Healthy Skin Starts from Within

Healthy Skin Starts from Within

External indicators such as paws, nails, skin, and coats can be used to assess your pet’s health. It could be an indication that your pet needs nutritional support if they have brittle paws, nails, dry itchy skin, or if their coat has lost its sheen and sheds regularly.

Instead of reaching for a new shampoo or treatment, consider how you may help your pet’s skin and coat from the inside out. Excessive grooming can do more harm than good. Washing removes the oils that hydrate and protect the skin.

Excessive grooming might alter the microbiota of the skin and make it more vulnerable to irritants. Instead, concentrate on giving them the nutrition they require to build strong tissues, resulting in a healthier pet on the inside and exterior.

The Right Amount of Fatty Acids

funny adorable spaniel dog on green lawn
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Healthy fats must be included in a dog’s diet. Many commercial dog foods, unfortunately, do not supply enough beneficial fats. Fish oils, olive oil, flaxseed oil, and lecithin are excellent options.

They’re high in Omega-3 and Omega-6 fatty acids, which help to prevent rashes and hot spots by reducing inflammation and irritation. By holding in moisture and keeping out irritants that cause dry, itchy skin, omega-3 increases the skin’s protective barrier.

Providing your pet with healthy fats accelerates wound healing by supplying critical fatty acids and vitamins that tissues require to renew. There will be reduced shedding and a nicer coat. Olive oil and flaxseed oil both contain antioxidants that can help your pet’s skin age gracefully.

Vitamin A for Nourished Skin

Vitamin A is necessary for skin that is smooth and revitalized. Vitamin A deficiency causes skin to become itchy, dry, and scaly since it is required for the body to produce sebum. Sebum is an oily fluid secreted by the skin that keeps the skin and coats moisturized and lustrous. Hair loss is caused by low amounts of Vitamin A, thus a healthy coat necessitates enough daily intake.

Vitamin D3 for Hair Follicles

selective focus photo of a curious black and white dog
Photo by Karolina Grabowska on Pexels.com

Vitamin D3 is essential for a healthy coat since it aids in the formation of new hair follicles. Fur becomes brittle and growth slows when there isn’t enough Vitamin D. When looking for a Vitamin D supplement, D3 is preferred over D2 because it is more easily absorbed.

Vitamin E for Collagen

Collagen fibers are formed with the help of vitamin E. Collagen is essential for a healthy coat and skin since it is involved in the growth and formation of hair and skin. For this reason, vitamin E is well-known for improving scars and tissue healing. Vitamin E also helps to keep skin, nails, paws, and coats moisturized.

Silica for Skin Strength

In your pet’s body, silica is one of the most plentiful trace minerals. It’s a popular hair, nail, and skin supplement in the health and beauty business, and it can also help your pet. Silica is required for the production of collagen and enzymes, which help to maintain skin suppleness and strength.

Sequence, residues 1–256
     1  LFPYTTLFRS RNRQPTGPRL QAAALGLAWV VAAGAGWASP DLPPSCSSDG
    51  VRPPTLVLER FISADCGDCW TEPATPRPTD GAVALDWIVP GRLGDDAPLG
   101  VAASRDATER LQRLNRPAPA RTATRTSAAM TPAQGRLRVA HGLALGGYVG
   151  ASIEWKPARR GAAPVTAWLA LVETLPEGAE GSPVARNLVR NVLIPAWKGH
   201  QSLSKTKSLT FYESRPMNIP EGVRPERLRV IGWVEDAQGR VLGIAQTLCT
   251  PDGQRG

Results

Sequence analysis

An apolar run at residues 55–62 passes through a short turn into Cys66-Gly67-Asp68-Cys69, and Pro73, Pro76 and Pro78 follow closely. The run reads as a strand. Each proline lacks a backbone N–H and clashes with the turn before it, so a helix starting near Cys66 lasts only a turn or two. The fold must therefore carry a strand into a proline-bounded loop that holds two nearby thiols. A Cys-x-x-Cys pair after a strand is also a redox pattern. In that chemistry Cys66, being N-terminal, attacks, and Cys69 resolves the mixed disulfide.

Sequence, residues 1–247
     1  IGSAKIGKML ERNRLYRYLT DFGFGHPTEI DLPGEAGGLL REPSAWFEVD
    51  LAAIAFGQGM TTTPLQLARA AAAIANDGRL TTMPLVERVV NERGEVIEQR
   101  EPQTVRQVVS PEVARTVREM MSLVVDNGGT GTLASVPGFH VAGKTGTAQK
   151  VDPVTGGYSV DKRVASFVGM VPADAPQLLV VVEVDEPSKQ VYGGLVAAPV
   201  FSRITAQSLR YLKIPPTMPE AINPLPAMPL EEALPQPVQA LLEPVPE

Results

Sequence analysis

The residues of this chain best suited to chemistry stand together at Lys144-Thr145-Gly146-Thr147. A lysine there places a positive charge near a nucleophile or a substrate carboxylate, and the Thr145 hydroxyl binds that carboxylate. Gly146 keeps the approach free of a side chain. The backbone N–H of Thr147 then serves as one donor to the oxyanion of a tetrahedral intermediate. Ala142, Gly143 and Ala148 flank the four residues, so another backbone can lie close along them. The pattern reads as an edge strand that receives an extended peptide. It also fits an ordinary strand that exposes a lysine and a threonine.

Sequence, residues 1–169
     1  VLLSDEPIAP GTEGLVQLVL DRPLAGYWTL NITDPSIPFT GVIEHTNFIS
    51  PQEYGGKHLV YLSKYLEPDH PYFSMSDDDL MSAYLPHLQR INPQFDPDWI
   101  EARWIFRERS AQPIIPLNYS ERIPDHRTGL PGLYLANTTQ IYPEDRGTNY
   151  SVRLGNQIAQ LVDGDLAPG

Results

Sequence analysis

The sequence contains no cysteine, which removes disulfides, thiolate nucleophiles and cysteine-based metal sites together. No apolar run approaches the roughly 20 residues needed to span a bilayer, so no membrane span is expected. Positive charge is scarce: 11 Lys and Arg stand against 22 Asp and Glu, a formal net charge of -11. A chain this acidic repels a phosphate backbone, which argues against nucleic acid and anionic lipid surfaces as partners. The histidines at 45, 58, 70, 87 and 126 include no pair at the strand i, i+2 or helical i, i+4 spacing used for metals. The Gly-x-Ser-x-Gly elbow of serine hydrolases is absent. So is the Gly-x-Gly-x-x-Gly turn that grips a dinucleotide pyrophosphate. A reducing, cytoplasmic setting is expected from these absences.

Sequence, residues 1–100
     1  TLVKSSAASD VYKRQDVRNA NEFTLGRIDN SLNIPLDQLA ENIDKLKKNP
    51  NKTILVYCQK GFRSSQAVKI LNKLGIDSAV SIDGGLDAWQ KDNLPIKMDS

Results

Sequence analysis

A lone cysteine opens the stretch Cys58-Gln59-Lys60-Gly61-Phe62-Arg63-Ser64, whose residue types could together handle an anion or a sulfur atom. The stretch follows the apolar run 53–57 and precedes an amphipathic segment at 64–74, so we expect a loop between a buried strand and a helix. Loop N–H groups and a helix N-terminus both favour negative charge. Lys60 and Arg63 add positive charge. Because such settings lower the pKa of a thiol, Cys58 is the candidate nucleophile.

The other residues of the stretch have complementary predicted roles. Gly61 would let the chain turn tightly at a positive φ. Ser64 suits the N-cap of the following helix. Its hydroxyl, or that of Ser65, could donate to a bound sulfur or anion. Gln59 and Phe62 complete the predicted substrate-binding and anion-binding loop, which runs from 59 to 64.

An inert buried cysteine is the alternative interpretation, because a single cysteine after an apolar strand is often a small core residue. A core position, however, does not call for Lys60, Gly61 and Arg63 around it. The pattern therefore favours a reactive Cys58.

Collagen is a protein that is found in a variety of tissues, including hair, nails, skin, bones, cartilage, and tendons. Hair loss is reduced and fur is shinier when you eat a silica-rich diet. Your pet’s nails and paws will be stronger and healthier as well.

Keep Your Dog Nourished

Strong joints, ligaments, and muscles, enhanced eyesight, increased brain health, improved wound healing, and good digestion are just a few of the many other health-promoting benefits you’ll see when you feed your pet healthy fats, vitamins, and minerals. And, of course, a healthier, more luminous skin and coat!

Read More:

A prospective, randomized, double blind, placebo-controlled evaluation of the effects of eicosapentaenoic acid and docosahexaenoic acid on the clinical signs and erythrocyte membrane polyunsaturated fatty acid concentrations in dogs with osteoarthritis

Effects of feeding a high omega-3 fatty acids diet in dogs with naturally occurring osteoarthritis

Effect of a diet enriched with green-lipped mussel on pain behavior and functioning in dogs with clinical osteoarthritis

A randomized, double-blind, prospective, placebo-controlled study of the efficacy of a diet supplemented with curcuminoids extract, hydrolyzed collagen and green tea extract in owner’s dogs with osteoarthritis

Undenatured type II collagen mitigates inflammation and cartilage degeneration in healthy Labrador Retrievers during an exercise regimen

Published by AmberLDrake

Dr. Drake is an award-winning author and well-known cancer specialist in her field. She is best known for her extensive research on canine cancer prevention and nutrition, her dedication to help dogs live a long, happy life, and for teaching veterinary medicine. As the CEO of Canine Companions Co., the Founder of Drake Dog Cancer Foundation and Academy, and the Co-Founder of Preferable Pups, in addition to being a respected figure in the dog world, she has earned the respect of thousands of dog lovers worldwide.

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